The Korean peninsula was somewhat of a latecomer to cheese. Unlike those in Europe, Korea had to wait until 1958 before its population unlocked the dairy delights of curds and whey. It was that year that Belgian priest, Didier t`Serstevens- who went by his Korean name, Ji Jeong-hwan, arrived in South Korea’s North Jeolla Province, to carry out missionary work.
Six years later, in 1964, Jeong-hwan’s missionary work took him to the rural Imsil County. The governor of Imsil-gun implored Ji to extend his assistance beyond the local Catholic population and help the local community. Seeking a novel way to benefit the local population, he acquired two goats and began to produce goat’s cheese.
Father Ji immediately realised how ambitious his cheese-making venture was. He later recounted, “I was raising two goats that I had received as a gift… I thought the milk could produce revenue. Of course, it didn’t turn out the way I had planned.”
There was almost no demand for his product. He was also highly inexperienced, “it looked like cheese, but the quality wasn’t good enough to put on sale”, he remembers. He was able to raise US$2,000 from his parents to build a factory with the capability for fermentation. But three years after launching the project, Father Ji and the farmers had nothing to show for their efforts.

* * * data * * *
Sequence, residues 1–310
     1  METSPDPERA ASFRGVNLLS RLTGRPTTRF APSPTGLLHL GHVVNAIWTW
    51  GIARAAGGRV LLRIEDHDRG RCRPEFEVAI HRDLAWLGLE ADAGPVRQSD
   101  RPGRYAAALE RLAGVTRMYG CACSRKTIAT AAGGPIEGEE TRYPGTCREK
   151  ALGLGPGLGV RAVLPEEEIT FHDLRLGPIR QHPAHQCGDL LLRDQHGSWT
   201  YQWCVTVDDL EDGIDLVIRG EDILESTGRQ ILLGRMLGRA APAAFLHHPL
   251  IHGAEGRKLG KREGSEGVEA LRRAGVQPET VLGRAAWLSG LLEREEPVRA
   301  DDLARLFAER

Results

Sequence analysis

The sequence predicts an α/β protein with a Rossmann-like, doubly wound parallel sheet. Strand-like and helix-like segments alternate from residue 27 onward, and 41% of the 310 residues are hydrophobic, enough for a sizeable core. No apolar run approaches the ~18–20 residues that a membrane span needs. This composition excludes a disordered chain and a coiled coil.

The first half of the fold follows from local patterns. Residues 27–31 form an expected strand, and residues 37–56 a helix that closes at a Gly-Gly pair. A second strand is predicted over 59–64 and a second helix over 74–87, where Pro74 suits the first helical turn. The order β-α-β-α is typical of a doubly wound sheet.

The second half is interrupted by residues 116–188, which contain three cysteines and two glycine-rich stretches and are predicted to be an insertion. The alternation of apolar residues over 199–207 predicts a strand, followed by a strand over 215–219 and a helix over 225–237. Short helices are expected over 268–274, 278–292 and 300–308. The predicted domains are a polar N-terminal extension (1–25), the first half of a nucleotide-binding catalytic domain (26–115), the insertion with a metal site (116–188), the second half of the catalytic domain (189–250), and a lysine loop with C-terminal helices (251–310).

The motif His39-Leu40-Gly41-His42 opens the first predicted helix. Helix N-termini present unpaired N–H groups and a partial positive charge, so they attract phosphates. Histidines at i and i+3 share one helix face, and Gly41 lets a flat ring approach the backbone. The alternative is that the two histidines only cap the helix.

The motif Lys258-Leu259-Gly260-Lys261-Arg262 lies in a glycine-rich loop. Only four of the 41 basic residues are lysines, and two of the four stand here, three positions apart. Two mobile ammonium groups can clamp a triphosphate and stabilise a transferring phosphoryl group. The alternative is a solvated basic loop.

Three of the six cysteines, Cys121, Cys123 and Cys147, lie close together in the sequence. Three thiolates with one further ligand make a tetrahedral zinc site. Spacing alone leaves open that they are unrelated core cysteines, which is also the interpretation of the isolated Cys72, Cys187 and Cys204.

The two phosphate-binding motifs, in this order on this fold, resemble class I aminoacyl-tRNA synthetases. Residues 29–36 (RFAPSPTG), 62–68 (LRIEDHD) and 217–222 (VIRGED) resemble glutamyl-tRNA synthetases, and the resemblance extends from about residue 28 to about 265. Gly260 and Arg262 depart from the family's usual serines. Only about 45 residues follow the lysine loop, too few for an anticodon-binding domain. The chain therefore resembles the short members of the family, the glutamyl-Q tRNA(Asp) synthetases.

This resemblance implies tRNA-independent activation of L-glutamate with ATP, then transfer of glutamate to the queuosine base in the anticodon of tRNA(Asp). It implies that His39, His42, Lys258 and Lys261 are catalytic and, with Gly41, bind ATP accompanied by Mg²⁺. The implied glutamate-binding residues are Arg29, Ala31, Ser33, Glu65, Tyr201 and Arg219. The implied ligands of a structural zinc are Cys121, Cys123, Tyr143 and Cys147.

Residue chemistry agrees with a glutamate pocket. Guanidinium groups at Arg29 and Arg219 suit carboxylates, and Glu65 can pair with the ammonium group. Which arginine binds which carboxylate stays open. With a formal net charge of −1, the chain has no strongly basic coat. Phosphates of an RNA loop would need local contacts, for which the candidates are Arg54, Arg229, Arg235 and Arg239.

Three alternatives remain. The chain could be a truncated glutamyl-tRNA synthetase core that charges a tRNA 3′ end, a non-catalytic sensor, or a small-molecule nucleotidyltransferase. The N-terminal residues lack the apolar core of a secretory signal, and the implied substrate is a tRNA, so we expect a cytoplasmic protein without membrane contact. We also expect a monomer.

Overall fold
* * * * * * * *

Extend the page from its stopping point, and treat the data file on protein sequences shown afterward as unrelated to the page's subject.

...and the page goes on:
The priest returned to Europe, spending more than three-months touring France and Belgium’s cheese factories. Armed with the knowledge of cheese manufacturing, he returned to Imsil determined to relaunch his cheese-making venture and make it a success.
Finally, in 1969, it took off. The cheeses Father Ji produced were good enough to sell, and the Korean population developed a taste for the rich and creamy flavours. Today, Imsil has 12 different brands of goat’s cheese, including string cheese, and raspberry-infused cheese.
In 2004, Imsil took its love for cheese to the next level. It opened the Cheese Theme Park. The 130,000 square metre complex allows visitors to explore Imsil’s history of cheese, revel in the cheese playground, take selfies in front of the cheese-shaped buildings, and even try their hand at making cheese.
The park draws more than 200,000 visitors annually, no small feat for a county with a population of just 30,000.
Pay the park a visit in October for the park’s annual cheese festival. More details are available on the official website in Korean.
Father Ji still lives in Korea today, receiving his South Korean citizenship in 2016.
Featured image from Flickr by Republic of Korea
Image of women making cheese from Flikr by Republic of Korea
Image of cheesemaking from Flikr by Republic of Korea
Image of theme park display from Flikry by Republic of Korea
Image of Imsil Cheese Theme Park from Flikr by Republic of Korea